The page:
New research from SecureAuth shows that despite much debate, the password isn’t dead yet as two in five IT decision makers (ITDMs) admit that passwords are their only IT security measure. It is a worrying revelation, considering the prevalence of security breaches due to compromised credentials. Furthermore, a third (33%) of companies with more than 1,000 employees are still using password only access. Even more concerning, one in five (20%) respondents said they “don’t know’ how many IT security policies their company currently has.
The entertainment, hospitality and leisure industry is taking the most risks with its data as two thirds (65%) of respondents from this sector admit their organizations only use passwords as a security method. Additionally, almost half (45%) of ITDMs from public sector organizations revealed they also only use passwords – a concern considering organizations in this sector are responsible for protecting the public’s sensitive information.
It appears that organizations in all sectors aren’t always aware of the inherent risks of using password-only access, with over half of businesses (54%) requiring their staff to change passwords less frequently than every two months. Almost a quarter (24%) admit that passwords are changed less than two to three times a year.
Despite companies relying on passwords alone, the survey revealed that the majority of ITDMs (63%) are confident that their current authentication methods are effectively protecting valuable assets.
Those in the IT and Telecoms industry were the most clued up on methods of protecting their data with almost three quarters (74%) stating that they don’t use solely password-based security.
The threat from within
Businesses are not just facing threats from outside the organization but also from within. More than half (54%) of respondents said that they are most concerned that employees could compromise access to their corporate network, whether intentional or not. However, one in five (21%) ITDMs in the manufacturing industry believe that suppliers and partners pose the most risk to the corporate network.
The flexible working model and BYOD are becoming more commonplace, with two in five (42%) respondents claiming that employees are now accessing corporate systems through three or more devices and a third (33%) of an employee’s time is spent accessing the organization’s IT network remotely – the equivalent of at least 612.3 hours a year* per business worker. However, despite the popularity of remote working, almost one in five (17%) organizations don’t see the need for additional access control and have just one method in place and 44% of respondents stating that their organization has two or fewer methods in place to deal with remote access.
The survey also revealed an almost even split in which resources ITDMs are the most concerned about protecting. Almost a third (28%) stated that protecting on premise applications is a top priority, closely followed by 29% citing that they are most concerned about safeguarding the company’s VPN. One in five (20%) stated Cloud and SaaS is the most important company resource to protect and 18% said mobile takes precedence.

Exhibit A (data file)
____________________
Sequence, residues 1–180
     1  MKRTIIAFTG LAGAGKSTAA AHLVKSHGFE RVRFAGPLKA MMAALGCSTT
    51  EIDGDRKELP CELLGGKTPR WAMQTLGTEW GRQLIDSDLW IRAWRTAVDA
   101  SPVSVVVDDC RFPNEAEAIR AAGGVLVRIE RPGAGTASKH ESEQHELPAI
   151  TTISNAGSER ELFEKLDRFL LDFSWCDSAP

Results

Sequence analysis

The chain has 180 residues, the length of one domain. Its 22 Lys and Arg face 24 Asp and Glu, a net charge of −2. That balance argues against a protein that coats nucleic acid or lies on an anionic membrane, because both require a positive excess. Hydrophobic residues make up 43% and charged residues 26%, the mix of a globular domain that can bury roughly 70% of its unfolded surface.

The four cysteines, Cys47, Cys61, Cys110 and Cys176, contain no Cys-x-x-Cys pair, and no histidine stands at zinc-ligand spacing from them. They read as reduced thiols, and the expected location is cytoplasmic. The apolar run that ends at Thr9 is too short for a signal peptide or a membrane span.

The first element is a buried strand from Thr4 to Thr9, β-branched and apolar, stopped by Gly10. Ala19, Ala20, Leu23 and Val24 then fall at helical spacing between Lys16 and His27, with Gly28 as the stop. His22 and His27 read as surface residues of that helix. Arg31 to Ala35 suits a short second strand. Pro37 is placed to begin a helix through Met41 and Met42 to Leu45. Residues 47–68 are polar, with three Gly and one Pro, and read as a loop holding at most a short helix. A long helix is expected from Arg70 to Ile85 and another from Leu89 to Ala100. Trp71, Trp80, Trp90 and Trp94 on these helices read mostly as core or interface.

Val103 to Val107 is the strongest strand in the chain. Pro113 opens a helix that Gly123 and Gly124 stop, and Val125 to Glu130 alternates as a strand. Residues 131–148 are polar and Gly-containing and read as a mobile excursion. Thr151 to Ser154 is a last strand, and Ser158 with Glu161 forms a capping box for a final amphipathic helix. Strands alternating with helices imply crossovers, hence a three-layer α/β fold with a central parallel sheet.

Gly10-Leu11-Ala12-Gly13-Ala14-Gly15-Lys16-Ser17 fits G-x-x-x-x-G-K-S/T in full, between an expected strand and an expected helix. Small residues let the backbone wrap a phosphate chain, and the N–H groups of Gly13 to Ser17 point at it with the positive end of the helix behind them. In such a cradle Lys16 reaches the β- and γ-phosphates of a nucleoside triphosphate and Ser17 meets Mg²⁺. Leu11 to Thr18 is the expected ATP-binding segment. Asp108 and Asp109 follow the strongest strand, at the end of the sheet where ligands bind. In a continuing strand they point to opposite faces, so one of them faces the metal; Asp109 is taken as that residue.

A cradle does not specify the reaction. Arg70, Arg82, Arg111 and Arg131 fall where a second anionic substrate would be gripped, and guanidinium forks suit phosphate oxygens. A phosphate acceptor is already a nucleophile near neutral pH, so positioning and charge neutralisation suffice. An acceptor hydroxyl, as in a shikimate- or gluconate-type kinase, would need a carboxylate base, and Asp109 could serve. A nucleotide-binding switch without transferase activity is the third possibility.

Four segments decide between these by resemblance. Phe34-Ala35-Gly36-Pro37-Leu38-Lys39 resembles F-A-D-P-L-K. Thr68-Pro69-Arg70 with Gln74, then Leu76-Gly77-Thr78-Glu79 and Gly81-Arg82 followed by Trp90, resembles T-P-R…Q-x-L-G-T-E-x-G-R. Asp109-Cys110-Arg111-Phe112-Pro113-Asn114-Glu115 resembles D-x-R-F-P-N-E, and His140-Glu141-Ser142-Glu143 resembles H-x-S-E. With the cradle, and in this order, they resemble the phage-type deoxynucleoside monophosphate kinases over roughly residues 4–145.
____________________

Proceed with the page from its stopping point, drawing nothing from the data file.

However, the research indicated that different sectors have different priorities – ITDMs in the manufacturing industry are the most concerned about mobile access (24%) but those in the public sector are far more concerned with VPN access (29%) and one in five ITDMs (22%) in the professional and financial services sector claim they are most concerned about cloud and SaaS access.
Access controls and the future
Less than half (44%) of respondents have plans to change or enhance their security model in the next two years with just over one in ten (12%) stating they don’t know if they’re planning to change their current access methods – suggesting that IT access security is not keeping pace with the increasingly sophisticated ways in which criminals are targeting enterprises.
As biometrics become more commonplace on our smartphones and tablets, nearly a third (28%) of IT decision makers believe that businesses will use this as a security measure in 5 years’ time. The survey indicated that it will take 5 years before we see a significant shift in organizations’ reliance on passwords alone and passwords and tokens. Respondents expected to see a 62% drop in the use of passwords alone and a 58% drop in passwords and tokens. However, a quarter (24%) said that they “don’t know’ what the future will hold for authentication.
Mansour continues, “We’ve seen many instances of companies not being stringent enough with their security access control and what’s becoming clear is that organizations are slow to adapt to the demands of the ever changing IT landscape. As the skills of hackers continue to evolve, organizations are going to have to wise up to new methods of information access security, such as adaptive authentication which can leverage real time threat intelligence, biometrics and even behavioral analysis. The findings of this survey confirm there is a huge need for businesses to adopt more modern access control strategies if they want to ensure their sensitive data remains safe, both now and in the future.”